The New England Patriots are under .500 in October for the first time in nearly 20 years, and they’ll be hosting the reigning NFC champions in an effort to flip the script.
With no Tom Brady, New England is 2-3 with two nail-biting losses to Seattle and Denver. San Francisco is the team’s next opponent from out west, and they just so happen to have Brady’s former successor, Jimmy Garappolo, leading the way.
PatriotMaven is breaking down the three most important matchups before every game all season long, with Sunday’s game against the 49ers next up on the slate.
George Kittle vs. Kyle Dugger
The last time the Patriots went up against a top-tier tight end, they threw the kitchen sink at him and kept him off the stat sheet for most of the night – save for a few key chunk plays.
Dugger, Joejuan Williams, Jason McCourty and Ja'Wuan Bentley were all used to bottle up Travis Kelce during New England’s Week 4 matchup with Kansas City. Kelce was limited to just three catches on seven targets, and he was kept out of the end zone despite scoring five touchdowns in his other five games so far this season.
Still, Kelce had receptions that went for 24 and 45 yards, and the Chiefs put up points on both of those drives.
Kittle is one of the only other tight ends in the league who can call Kelce his equal, and some would argue the 49ers actually boast the better of the two.
Coach Bill Belichick will have to decide who he’s going to throw at Kittle to slow him down, and he might not have the option of using linebackers like he did against Kelce thanks to Kittle’s elite speed and release.
Dugger took the field for just 29% of the Patriots’ defensive snaps against the Chiefs, but saw that figure jump up to 42% last week against the Broncos. Williams, on the other hand, did not play a single snap on defense against Denver.
Dugger won’t be alone in his battle against Kittle, as he should have some occasional help from veteran safeties like Devin McCourty and Adrian Phillips.
But on the plays where he does draw the matchup with the All-Pro tight end, the outcome of the game could rest in his hands.
Jimmy Garoppolo vs. Bill Belichick
If it were up to Belichick, Garoppolo might just be the Patriots’ starting quarterback right now.
A few years and Super Bowl appearances later, Garoppolo is the franchise signal-caller for a team nearly 3,000 miles away.
Garoppolo will face off against his former team for the first time since getting dealt to the 49ers at the 2017 trade deadline. In the three seasons since the deal, Garoppolo is 21-7 with a 46-to-23 INT-to-TD ratio and 6,991 yards.
The former Patriot has his weaknesses, however, and if anyone can exploit them, it’s his old coach and future Hall of Famer, Belichick.
Garoppolo was the most efficient deep ball passer in the NFL last year, boasting a league-best 58.1 percent completion percentage and 102.6 passer rating on long throws in 2019. Belichick is likely to force Garoppolo to go short by taking away the deep options, and an inexperienced quarterback like Garoppolo could easily fall into that trap.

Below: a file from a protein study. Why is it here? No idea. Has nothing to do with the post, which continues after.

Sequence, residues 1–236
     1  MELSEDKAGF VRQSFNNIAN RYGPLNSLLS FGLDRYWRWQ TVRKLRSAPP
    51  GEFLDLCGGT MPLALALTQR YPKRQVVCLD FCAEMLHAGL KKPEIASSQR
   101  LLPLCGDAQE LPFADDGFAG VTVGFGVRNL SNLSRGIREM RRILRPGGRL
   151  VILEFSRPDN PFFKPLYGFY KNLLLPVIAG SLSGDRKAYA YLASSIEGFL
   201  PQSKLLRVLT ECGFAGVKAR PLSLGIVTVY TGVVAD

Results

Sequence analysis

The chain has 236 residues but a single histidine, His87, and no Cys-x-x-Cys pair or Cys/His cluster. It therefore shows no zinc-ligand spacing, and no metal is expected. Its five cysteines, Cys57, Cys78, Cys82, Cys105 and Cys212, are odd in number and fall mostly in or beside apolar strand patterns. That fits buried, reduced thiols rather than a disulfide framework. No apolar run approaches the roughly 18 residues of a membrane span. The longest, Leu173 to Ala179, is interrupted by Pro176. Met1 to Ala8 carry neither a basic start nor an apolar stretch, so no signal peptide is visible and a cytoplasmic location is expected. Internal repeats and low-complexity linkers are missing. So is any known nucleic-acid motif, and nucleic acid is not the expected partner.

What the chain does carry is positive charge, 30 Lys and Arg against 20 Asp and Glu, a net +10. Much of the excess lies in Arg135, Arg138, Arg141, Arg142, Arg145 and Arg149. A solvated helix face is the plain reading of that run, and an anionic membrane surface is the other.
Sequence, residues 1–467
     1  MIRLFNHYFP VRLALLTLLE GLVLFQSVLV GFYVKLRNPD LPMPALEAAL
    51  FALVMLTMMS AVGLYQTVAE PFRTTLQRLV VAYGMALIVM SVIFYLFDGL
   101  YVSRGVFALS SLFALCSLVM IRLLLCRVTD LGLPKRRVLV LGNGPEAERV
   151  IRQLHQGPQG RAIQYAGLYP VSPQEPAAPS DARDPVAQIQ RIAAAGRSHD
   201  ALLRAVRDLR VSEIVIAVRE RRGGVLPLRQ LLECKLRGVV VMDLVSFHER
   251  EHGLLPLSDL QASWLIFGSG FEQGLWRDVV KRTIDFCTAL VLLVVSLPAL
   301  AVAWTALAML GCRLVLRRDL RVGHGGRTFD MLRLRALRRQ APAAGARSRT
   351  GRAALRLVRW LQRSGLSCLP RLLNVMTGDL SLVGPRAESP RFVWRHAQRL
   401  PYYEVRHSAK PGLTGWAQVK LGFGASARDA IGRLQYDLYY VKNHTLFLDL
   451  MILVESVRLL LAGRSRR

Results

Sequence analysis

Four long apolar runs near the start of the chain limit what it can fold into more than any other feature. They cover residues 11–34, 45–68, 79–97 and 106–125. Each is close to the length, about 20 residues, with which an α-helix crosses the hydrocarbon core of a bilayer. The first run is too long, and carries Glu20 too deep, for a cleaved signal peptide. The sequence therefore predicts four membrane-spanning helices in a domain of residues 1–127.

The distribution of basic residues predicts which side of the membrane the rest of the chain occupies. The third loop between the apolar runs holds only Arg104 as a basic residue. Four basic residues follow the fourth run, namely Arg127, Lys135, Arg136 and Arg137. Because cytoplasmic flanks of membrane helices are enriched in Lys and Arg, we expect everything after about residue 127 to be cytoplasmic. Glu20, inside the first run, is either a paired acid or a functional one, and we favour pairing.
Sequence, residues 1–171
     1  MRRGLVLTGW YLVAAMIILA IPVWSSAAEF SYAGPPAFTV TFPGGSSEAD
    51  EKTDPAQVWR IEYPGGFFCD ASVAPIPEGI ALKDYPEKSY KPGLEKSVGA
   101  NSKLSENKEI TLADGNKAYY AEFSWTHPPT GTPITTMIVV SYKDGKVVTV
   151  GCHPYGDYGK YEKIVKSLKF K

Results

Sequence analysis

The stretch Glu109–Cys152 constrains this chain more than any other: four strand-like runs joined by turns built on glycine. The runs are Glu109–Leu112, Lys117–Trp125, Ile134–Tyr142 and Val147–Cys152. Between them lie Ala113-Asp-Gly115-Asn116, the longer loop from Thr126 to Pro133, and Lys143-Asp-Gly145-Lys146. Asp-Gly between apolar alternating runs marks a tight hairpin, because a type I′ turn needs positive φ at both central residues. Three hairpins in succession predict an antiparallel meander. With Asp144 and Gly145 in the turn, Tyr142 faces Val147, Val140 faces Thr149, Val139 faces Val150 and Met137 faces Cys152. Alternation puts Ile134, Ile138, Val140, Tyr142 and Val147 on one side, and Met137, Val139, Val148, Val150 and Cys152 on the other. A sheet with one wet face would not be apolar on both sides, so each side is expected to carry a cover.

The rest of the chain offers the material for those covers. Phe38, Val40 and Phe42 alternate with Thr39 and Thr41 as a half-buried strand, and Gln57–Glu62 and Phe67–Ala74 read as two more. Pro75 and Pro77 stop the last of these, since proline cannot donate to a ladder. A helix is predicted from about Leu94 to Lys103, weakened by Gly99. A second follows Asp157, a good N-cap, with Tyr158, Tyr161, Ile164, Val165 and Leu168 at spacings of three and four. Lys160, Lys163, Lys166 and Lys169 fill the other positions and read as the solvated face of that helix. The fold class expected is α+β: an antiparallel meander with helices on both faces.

The combination of an efficient passer such as Garoppolo and an offensive-minded head coach such as Kyle Shanahan is going to be a handful for any defense, but if anyone can gameplan around them and take away what works best, it’s Belichick.
N’Keal Harry vs. Deebo Samuel
Harry and Samuel won’t ever match up 1-on-1 on the field, but their performances will speak volumes about the 2019 NFL Draft class.
The Patriots made Harry the second wide receiver off the board when they picked him 32nd overall back in April of last year. Samuel was the next wideout taken at No. 36, and Tennessee’s A.J. Brown, Seattle’s D.K. Metcalf and Washington’s Terry McLaurin were among the next receivers selected.
The narrative as of late is that the Patriots reached on Harry, passing on far superior receivers for a player with far less upside. Hindsight is 20/20, of course, but Harry’s legacy is not set in stone yet.
From Week 17 of last season to Week 2 this year, Harry averaged eight targets per game. His eight receptions for 72 yards nearly put the Patriots in a position to upset the Seahawks in Week 2, and he hauled in a highlight reel goal line touchdown against the Chiefs in Week 4 despite a lot of contact and a high degree of difficulty.
Those bright spots have admittedly been few and far between, while Samuel has been far more consistent so far in his NFL career.
Samuel, who also poses a significant threat as a ball-carrier, has racked up 1,088 yards and seven touchdowns from scrimmage off of 85 touches through 18 games. Harry, on the other hand, has recorded 322 yards and three touchdowns from scrimmage on 36 touches in 12 games.
The jury is still out on Harry, and if Patriot Nation is going to get on board with him moving forward, he’ll need to outplay his former draft mate come Sunday.
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